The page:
Is religion inherently rational (yes) or irrational (no)?

  • Yes it is

    In this day and age most scientists are religious. They have found the systems of the earth, the human body and the universe to be perfect and incredibly intricately designed. It all points to intelligent design not coincidence.

    80% of the world population have strong religious beliefs. This is the case because it is logical.

  • Think way back when!

    If you think about it, it makes perfect rational sense. I am no bible thumper, nor a basher; my opinion is bias free. I believe in a "God"- what that means to me is another story. For a long time, I didn't know what to believe, I was agnostic. However, one day, I thought about all the stories about dragons and how they were revered or feared all over the world; there was no way for such an idea to have spread so rapidly and consistently throughout the world! Sure, there were boats, and people DID make it to another place in the world, but continent crossing was pretty rare. It is this simple idea that makes me truly believe in a higher power. How is it that religion was spread through the ENTIRE world without there being a reliable method of transportation? Now, when someone asks which religion is the 'right' one, I have no answer. I like to think it was based off a true religion and was twisted over time by word of mouth.

  • Is is inherently irriational

    Religion is definitely irrational. At it's core, it is based on belief in things which cannot be proven with measurable scientific data. " But we have a book! We can believe in that!" Yes, but most everything in that book is far-fetched and completely unproven. When scientists can create a tool or process that can prove God's existence beyond a reasonable, then one could make the argument that religion is rational. Until then, it definitely is not.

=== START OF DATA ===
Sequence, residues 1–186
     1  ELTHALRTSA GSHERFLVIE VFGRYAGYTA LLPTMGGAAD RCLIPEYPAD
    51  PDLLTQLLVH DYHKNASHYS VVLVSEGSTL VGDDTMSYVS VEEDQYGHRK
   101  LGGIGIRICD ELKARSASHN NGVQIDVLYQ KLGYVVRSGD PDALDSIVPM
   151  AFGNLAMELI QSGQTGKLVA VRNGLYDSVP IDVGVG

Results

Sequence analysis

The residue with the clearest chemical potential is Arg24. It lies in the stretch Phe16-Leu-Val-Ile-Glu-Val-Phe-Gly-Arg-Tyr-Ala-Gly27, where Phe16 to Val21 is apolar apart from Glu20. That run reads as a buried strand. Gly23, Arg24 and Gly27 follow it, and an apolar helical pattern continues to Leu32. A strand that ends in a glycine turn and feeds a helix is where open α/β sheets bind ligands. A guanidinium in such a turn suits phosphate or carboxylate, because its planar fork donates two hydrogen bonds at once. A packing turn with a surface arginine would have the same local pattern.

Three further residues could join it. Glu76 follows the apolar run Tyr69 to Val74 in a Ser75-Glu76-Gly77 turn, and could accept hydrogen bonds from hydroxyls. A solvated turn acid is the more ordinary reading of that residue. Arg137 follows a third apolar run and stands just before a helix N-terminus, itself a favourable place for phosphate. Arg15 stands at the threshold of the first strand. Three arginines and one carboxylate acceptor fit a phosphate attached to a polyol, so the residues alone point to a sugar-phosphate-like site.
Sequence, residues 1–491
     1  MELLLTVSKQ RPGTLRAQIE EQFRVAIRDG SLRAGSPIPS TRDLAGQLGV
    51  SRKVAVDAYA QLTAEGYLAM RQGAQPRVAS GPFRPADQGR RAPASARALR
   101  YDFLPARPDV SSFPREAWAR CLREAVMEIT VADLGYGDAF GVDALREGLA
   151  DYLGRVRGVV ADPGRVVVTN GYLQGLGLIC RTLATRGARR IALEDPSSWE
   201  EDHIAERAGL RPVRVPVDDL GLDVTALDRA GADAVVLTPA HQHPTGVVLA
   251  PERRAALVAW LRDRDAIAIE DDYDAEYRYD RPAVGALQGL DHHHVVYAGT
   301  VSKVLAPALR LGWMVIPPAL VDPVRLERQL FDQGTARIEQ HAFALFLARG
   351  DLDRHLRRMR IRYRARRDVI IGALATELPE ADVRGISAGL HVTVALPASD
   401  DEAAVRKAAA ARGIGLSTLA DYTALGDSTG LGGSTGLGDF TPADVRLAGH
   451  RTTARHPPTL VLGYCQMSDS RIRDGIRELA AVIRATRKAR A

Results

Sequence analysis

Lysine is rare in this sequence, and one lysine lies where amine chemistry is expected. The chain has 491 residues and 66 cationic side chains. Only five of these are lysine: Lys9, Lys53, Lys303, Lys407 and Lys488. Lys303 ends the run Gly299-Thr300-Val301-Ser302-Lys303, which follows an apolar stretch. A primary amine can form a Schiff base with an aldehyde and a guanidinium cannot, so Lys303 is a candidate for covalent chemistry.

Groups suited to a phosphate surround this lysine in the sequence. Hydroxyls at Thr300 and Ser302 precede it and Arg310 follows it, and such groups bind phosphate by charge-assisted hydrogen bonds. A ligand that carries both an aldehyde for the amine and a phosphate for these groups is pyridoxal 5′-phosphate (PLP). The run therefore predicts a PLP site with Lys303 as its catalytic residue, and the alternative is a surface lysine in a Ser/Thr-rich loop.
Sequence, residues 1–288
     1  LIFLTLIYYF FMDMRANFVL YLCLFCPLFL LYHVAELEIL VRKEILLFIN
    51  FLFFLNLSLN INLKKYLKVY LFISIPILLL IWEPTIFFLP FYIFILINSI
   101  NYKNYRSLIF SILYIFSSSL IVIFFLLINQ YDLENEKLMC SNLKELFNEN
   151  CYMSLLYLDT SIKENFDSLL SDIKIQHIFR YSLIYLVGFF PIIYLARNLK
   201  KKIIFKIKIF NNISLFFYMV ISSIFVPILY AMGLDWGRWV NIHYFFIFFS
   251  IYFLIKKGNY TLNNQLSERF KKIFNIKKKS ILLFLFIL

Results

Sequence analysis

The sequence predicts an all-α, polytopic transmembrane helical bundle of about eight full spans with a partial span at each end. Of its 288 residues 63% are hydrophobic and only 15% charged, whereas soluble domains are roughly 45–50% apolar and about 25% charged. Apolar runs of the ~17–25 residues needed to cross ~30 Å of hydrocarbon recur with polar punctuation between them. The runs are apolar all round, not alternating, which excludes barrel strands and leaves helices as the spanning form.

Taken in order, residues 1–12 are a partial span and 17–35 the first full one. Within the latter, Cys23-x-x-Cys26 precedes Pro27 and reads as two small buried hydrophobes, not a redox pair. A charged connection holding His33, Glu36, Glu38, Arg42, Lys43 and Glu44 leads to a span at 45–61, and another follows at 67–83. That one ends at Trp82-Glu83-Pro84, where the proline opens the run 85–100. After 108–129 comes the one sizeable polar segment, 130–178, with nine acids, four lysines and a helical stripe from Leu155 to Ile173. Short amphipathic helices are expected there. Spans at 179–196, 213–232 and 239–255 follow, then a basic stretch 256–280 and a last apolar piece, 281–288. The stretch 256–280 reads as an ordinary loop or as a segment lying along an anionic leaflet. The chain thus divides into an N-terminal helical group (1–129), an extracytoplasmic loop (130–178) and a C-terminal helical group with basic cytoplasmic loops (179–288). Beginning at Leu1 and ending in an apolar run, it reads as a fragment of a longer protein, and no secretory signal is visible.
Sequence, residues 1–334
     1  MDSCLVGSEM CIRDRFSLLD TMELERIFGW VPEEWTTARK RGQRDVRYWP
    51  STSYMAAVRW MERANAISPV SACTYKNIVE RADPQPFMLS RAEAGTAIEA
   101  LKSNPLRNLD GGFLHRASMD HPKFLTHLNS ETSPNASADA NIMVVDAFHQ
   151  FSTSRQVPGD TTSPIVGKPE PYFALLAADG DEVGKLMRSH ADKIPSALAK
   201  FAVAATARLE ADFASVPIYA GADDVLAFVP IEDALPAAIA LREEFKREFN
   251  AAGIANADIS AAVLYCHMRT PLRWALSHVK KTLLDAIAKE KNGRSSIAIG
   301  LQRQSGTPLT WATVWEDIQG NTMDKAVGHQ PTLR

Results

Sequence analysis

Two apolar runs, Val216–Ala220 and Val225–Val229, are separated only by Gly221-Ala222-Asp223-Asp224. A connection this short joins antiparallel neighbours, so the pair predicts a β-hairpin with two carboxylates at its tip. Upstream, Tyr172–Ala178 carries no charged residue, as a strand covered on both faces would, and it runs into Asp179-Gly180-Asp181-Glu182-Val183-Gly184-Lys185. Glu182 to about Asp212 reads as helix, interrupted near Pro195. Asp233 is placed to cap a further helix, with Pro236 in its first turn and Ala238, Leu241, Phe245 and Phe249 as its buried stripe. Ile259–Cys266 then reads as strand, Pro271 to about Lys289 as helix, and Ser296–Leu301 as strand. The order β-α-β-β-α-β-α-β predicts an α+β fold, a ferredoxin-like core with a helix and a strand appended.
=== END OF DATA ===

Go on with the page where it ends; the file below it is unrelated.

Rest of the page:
• Everything is ultimately rational

    It's just a matter of what one's goals are (rationality without goals which are not themselves rational or irrational can not exist) and what one is aware of. Everything a person does is rational in light of goals and the awareness that motivation was exercising. A person can have split awareness in fact everyone does which is why sometimes people do irrational things. There is nevertheless a reason which in light of what that part of yourself is aware of and what it is not and what goals it has makes complete sense.

  • If you can't tell me why you believe what you believe...

    You have no business believing it.

    I was raised a Catholic. I was aces in my Catechism class (once got in a vehement argument with a nun after kicking every single boy's ass in Bible trivia yet being told I could not be a priest -- even though I was smarter -- because I had a vagina). I no more believe that God made Adam a companion out of his rib than I believe that my pet goldfish, Gorby, is going to open the top of the lid on his fish tank, stroll over to me on his back two fins, and wish me g'day. Why?

    Because science. Because I am a rational being who can think. I don't know if i was given this gift by an amorphous god (I tend toward that, being a theist), or whether I am an accident of chemistry, molecular biology, and quantum physics. But herein lies the rub: I'm not afraid to say I don't know.

    I do not know.

    I do remain convinced that anyone who tells you that they DO know is a scam artist of the purest ray serene. How do I know this? We have ministers making multi-billion dollar salaries and paying ZERO in taxes (by the way, if you're a minister raking in bank and preaching hate against refugees, let me be the first to say, "fuck you very much."). We have governments paying in thousands of lives and trillions -- yes, trillions -- of dollars to fight for what they believe in the name of "God." We have millions of women being stripped of their enjoyment of sex and sold into slavery each year in the name of God. Sorry, but if your "god" demands mass murder and mutilation, your god is a piece of shit. I'd rather worship the devil than such a malevolent "god."

    If I had to choose a religion to practice, it would likely be Wicca, because it makes sense to worship the planet that gives us life daily (Instead of destroying it as good Christians often do), and because we've burned plenty of witches without any one of them ever coming back and starting a religious war against us (although they probably should -- but that's the bitch of practicing a truly peaceful religion -- you can't both practice it and wage war).